Fuel poverty. Food poverty. Period poverty. As the cost-of-living crisis bites, people everywhere are struggling with the basic necessities to live every day. Charities are valiantly stepping in by providing goods and services which support people in time of need.
But at their core these are not separate issues. If you can’t heat your home or feed your family, it’s fundamentally because you lack one thing: money. So, what if instead of worrying about goods, services, premises, overheads—we just gave people cash?
Giving money is more empowering
The mental toll of poverty is huge. You’re no longer in control of your own life. Your future, and that of your family, is unpredictable. This lack of autonomy is a considerable driver behind the mental and physical health disparities we see between rich and poor. Instead of forcing people to be passive and grateful recipients waiting upon generous charity, why would we not give people some of their agency back? In giving goods rather than cash, we’re saying that we know best. Why aren’t we allowing people to make their own choices about how to overcome the barriers they face?
Giving money is more efficient
We all saw the photos during the pandemic of paltry food parcels sent to children on free school meals, whilst the companies sending them siphoned off healthy profits. In the comment sections and on social media people discussed how much more they could get for the money if they’d been given the cash so they could go to the supermarket directly and pick out the food themselves. Parents know what their family needs far better than any external organisation. By giving money to people directly we can cut down on wasted time and goods. Instead of more expensive delivery operations and bureaucracy, why don’t we just give people the money directly?
Giving money works
Cash transfers have been used in international development for over 20 years, and their effectiveness has been examined across a number of metrics including monetary poverty, gender empowerment, health, and employment or educational outcomes.
Yet despite this success, cash transfers are rarely used by charities working in Britain, although they have been gaining some traction in North America through organisations such as the UpTogether (cash transfers to families) and the New Leaf Project in Vancouver (cash transfers to people experiencing homelessness). We now have rigorous evidence spanning decades that shows giving cash is an effective way to tackle poverty. In fact, it’s so effective that a ‘Why Not Cash?’ movement has emerged arguing that humanitarian NGOs should default to cash payments to individuals unless there is a clear argument to the contrary.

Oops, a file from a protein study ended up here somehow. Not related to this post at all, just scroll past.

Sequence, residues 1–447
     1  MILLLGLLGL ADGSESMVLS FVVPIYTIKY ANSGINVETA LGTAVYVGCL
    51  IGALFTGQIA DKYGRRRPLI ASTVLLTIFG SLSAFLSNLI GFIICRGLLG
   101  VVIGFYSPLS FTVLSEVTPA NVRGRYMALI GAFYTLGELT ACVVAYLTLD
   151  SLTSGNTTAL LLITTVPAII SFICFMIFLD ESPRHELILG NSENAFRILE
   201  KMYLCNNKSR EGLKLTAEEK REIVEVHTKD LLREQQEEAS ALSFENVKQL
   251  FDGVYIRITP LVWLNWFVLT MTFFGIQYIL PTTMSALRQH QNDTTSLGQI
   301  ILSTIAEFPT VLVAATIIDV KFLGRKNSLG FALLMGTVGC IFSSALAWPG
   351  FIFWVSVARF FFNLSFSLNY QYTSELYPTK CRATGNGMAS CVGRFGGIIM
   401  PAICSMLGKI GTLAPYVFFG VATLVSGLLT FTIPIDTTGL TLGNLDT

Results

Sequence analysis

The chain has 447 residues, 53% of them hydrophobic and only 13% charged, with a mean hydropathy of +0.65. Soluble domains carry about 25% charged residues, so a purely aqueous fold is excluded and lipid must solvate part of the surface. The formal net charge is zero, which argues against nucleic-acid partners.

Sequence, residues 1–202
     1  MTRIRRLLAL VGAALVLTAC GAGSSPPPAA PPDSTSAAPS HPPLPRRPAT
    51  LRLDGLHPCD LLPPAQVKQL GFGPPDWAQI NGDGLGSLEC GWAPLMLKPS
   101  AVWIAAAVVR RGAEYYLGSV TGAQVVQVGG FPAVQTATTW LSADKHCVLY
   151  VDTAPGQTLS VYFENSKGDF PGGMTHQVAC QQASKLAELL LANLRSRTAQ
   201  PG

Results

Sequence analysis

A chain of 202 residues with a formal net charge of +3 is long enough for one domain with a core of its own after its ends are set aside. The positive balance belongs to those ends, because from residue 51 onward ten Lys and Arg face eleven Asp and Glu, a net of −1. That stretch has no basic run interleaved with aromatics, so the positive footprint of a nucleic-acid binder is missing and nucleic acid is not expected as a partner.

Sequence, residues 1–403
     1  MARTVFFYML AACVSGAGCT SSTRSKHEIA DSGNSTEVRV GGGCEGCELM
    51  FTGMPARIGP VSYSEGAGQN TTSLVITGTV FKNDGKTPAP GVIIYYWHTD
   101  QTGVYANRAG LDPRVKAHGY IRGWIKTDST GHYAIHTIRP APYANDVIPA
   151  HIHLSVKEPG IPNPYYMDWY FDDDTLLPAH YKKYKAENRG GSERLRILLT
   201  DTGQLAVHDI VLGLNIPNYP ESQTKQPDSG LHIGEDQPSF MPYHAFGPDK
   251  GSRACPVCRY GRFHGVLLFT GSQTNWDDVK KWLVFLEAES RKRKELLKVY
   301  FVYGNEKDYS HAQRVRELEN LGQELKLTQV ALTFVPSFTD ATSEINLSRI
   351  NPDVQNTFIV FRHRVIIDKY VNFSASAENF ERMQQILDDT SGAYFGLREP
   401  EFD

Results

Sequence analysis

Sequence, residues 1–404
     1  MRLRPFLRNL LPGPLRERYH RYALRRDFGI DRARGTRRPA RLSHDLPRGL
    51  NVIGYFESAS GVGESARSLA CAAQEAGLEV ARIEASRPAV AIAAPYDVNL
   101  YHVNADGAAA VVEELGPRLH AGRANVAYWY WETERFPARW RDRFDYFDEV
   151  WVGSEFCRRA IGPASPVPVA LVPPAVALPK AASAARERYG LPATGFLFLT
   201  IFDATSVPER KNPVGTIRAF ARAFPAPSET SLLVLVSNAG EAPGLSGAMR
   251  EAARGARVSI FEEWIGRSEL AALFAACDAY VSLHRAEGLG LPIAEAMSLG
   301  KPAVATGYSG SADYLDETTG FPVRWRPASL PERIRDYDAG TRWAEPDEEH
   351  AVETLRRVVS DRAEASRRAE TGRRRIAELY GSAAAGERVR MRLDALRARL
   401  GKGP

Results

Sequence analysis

Of course, cash is not going to be appropriate in every situation. If there is not a ready market where the person can buy what they need then it will not solve the problem. A cash transfer will not cut air pollution, improve a green space, or educate someone in prison for example.
But where cash is effective, there is an opportunity cost to providing goods instead. During the cost-of-living crisis we need to get people the help they need most efficiently as quickly as possible. If a person would most benefit from a cash transfer, then giving them a good or service instead is using resources we do not have, thereby limiting our ability to help someone else in need. In a crisis this is not just wasteful, it’s irresponsible.
We at NPC want to explore more where the charity sector should be adopting cash transfers, and how they can benefit people in this crisis. We want to see where cash transfers could be effective tools for charities and funders to use, how cash could sit alongside services which already exist, and how we can encourage a shift towards it.
If you are interested in being involved, then please get in touch with me at theo.clay@thinkNPC.org.